#Vimy101 – Artillery & Civilians

“Man of Canadian Forestry Corps with old French couple. February, 1919.”
Credit: Canada. Dept. of National Defence/Library and Archives Canada/PA-004010.

During the First World War, as artillery technology became increasingly advanced, the ever-increasing reach of their firepower left few unscathed. It is no secret that civilians suffered greatly under the strength of artillery. Private Fraser, of the 31st (Calgary) Battalion, recorded an altercation between civilians and artillery in his journal:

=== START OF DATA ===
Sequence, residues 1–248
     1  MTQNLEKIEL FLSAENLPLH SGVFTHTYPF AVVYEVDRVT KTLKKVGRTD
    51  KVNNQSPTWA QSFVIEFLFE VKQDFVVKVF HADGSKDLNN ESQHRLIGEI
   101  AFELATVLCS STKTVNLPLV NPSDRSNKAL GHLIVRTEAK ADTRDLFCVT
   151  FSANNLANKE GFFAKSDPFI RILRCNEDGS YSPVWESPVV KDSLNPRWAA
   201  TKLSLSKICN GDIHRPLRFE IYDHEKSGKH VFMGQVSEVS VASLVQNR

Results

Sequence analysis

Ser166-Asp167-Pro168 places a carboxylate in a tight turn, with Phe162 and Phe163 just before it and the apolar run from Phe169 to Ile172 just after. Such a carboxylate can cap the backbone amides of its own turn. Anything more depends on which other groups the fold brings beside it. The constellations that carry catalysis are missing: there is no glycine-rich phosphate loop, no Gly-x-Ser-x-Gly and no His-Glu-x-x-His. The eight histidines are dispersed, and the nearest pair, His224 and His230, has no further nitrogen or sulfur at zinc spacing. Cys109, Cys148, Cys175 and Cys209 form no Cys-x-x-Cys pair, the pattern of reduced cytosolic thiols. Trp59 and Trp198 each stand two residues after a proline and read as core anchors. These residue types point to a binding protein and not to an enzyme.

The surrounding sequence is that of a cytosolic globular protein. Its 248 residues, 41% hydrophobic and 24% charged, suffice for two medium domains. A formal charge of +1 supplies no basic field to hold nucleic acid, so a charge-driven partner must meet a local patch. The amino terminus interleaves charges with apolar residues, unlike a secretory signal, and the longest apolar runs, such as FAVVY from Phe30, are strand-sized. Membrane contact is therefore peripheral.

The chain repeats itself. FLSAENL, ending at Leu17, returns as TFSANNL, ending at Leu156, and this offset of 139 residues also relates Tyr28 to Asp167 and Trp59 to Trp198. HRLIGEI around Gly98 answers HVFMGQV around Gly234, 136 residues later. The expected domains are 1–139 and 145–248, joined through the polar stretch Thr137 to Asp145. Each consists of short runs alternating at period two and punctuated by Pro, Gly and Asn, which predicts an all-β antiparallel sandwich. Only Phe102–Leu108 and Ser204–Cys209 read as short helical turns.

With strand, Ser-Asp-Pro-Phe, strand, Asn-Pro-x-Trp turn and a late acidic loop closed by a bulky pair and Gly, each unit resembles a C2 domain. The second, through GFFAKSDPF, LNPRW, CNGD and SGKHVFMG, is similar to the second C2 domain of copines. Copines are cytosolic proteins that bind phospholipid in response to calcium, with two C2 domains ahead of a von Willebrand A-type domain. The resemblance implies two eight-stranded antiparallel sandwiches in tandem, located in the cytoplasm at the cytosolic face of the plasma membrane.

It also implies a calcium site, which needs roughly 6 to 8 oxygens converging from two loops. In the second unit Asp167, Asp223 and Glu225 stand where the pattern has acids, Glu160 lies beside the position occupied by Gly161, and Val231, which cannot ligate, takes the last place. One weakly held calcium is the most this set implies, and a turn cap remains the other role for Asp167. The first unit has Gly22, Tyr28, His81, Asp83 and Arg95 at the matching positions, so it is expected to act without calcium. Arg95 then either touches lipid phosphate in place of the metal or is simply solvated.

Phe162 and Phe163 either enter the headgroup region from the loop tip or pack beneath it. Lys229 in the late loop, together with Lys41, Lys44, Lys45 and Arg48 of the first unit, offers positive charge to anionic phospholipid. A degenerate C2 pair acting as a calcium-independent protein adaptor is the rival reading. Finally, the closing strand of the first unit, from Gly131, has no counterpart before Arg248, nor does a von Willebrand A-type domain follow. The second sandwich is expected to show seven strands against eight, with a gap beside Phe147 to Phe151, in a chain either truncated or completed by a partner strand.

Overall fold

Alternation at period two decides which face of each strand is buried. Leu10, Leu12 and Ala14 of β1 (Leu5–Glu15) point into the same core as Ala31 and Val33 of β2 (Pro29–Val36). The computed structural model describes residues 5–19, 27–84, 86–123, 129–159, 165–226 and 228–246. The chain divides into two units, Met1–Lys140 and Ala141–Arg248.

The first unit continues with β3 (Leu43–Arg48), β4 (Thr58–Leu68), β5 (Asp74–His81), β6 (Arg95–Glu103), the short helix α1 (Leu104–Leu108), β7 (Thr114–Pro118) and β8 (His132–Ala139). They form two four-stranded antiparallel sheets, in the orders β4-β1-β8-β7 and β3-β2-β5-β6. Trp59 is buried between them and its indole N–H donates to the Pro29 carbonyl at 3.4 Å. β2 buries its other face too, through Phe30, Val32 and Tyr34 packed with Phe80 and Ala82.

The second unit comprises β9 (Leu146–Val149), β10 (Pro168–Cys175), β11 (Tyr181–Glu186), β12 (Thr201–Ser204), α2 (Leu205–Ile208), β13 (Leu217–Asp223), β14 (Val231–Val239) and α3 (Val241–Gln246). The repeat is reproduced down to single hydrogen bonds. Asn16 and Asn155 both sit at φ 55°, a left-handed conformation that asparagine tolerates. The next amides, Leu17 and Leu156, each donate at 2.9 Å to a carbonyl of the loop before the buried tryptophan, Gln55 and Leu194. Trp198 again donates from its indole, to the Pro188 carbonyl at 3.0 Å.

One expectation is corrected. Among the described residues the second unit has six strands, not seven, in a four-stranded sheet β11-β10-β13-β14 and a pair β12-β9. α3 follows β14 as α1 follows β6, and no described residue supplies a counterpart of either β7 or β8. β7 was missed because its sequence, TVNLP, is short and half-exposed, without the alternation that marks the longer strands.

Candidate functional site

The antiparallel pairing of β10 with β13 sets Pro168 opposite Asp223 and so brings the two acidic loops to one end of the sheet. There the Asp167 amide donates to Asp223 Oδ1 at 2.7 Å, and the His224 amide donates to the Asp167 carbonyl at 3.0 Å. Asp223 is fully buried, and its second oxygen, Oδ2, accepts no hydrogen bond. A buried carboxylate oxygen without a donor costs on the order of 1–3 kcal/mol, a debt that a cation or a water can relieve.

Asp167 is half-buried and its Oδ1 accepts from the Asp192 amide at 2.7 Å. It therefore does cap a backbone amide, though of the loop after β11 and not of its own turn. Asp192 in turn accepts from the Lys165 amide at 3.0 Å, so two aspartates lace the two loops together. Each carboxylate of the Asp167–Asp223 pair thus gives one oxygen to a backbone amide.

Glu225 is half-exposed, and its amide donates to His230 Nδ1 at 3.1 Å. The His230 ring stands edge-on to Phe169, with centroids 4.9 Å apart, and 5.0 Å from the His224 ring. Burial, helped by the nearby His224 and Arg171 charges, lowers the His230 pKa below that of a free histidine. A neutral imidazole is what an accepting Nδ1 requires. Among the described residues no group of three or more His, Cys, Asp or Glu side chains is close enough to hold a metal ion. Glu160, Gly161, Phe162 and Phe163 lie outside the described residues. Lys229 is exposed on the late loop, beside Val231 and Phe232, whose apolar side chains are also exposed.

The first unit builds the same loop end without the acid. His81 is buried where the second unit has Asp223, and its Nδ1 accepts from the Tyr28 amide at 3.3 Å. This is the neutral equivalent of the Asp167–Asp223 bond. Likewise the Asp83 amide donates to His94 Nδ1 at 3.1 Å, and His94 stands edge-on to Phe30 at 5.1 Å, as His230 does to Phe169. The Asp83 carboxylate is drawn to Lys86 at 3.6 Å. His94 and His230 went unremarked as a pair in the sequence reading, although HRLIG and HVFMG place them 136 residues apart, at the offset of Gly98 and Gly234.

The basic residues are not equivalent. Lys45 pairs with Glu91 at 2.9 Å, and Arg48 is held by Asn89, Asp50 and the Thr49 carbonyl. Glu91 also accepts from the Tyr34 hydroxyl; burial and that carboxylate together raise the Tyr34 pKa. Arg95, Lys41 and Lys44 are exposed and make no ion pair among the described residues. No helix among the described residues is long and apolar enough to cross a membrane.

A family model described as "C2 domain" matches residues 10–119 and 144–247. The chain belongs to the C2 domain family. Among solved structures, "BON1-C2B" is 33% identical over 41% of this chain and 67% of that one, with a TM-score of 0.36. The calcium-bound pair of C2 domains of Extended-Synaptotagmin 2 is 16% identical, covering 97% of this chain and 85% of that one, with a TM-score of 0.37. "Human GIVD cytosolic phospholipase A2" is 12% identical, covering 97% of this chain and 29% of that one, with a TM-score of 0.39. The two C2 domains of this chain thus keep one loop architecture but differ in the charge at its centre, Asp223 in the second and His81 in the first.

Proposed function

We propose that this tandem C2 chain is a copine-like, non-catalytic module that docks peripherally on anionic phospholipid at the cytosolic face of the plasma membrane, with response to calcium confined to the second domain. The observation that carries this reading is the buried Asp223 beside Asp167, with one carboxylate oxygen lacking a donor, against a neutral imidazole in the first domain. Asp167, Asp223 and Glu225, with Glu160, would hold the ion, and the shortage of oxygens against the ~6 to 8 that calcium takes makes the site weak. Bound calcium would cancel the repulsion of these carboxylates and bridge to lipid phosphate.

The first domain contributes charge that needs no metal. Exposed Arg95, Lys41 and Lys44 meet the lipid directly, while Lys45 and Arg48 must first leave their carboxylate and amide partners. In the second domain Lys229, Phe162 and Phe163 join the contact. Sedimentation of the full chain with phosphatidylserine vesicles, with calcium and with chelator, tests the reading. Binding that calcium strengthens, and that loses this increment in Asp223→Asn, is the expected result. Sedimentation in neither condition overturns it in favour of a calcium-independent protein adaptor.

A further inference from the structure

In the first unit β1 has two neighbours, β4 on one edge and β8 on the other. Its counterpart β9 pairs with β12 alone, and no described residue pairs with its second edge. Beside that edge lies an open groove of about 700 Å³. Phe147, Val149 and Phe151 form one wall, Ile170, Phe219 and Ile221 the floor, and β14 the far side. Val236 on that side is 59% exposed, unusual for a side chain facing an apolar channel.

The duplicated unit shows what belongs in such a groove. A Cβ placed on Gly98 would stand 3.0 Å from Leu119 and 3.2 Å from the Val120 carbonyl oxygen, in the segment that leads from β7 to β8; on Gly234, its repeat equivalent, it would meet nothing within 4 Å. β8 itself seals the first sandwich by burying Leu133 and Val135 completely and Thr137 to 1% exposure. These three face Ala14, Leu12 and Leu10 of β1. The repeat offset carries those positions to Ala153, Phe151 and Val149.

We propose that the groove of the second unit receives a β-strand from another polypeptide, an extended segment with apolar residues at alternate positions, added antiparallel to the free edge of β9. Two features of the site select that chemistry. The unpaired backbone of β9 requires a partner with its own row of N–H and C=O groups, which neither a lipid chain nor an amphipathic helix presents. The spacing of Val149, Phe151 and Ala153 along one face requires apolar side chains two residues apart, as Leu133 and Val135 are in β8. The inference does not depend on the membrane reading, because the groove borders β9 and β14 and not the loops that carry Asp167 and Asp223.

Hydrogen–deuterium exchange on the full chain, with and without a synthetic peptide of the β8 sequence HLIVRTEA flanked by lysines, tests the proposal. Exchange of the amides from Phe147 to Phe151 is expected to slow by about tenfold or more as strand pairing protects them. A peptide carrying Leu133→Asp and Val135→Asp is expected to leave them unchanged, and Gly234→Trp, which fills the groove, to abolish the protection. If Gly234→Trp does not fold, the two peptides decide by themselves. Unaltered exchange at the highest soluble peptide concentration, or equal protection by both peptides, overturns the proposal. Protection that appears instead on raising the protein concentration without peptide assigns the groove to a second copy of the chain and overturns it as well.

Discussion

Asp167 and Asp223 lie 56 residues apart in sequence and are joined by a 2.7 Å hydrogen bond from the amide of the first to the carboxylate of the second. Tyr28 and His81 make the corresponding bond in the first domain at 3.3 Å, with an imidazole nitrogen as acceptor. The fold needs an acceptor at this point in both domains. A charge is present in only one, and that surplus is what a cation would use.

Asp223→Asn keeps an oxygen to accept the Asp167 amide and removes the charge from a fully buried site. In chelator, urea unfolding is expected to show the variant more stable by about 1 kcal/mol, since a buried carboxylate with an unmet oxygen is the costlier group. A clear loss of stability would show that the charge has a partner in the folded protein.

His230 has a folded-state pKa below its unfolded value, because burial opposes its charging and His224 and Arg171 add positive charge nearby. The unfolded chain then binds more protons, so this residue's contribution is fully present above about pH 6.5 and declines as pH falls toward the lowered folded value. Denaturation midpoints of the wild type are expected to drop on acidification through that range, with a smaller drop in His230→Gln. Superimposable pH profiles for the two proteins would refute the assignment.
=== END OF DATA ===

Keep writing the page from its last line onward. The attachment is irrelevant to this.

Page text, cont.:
“The big gun, a 12-inch… hidden in a camouflaged house, began to talk this afternoon… We watched the shells leave the gun. Although weighing 750 lbs., they shot up towards the heavens… and appeared from behind like cricket balls… the shells were soon lost to view in the clouds… as soon as the first shell was fired, a small dog bolted out of a nearby house and flew down the road… to put kilometers between it and the gun… an aged Belgian couple was passing in the vicinity of the gun when it went off, and it was pitiful to see the woman totter and stagger for several yards, due to sheer shock and fright, before she could compose herself.” (Fraser & Roy (Ed.), The Journal of Private Fraser, p. 162-163)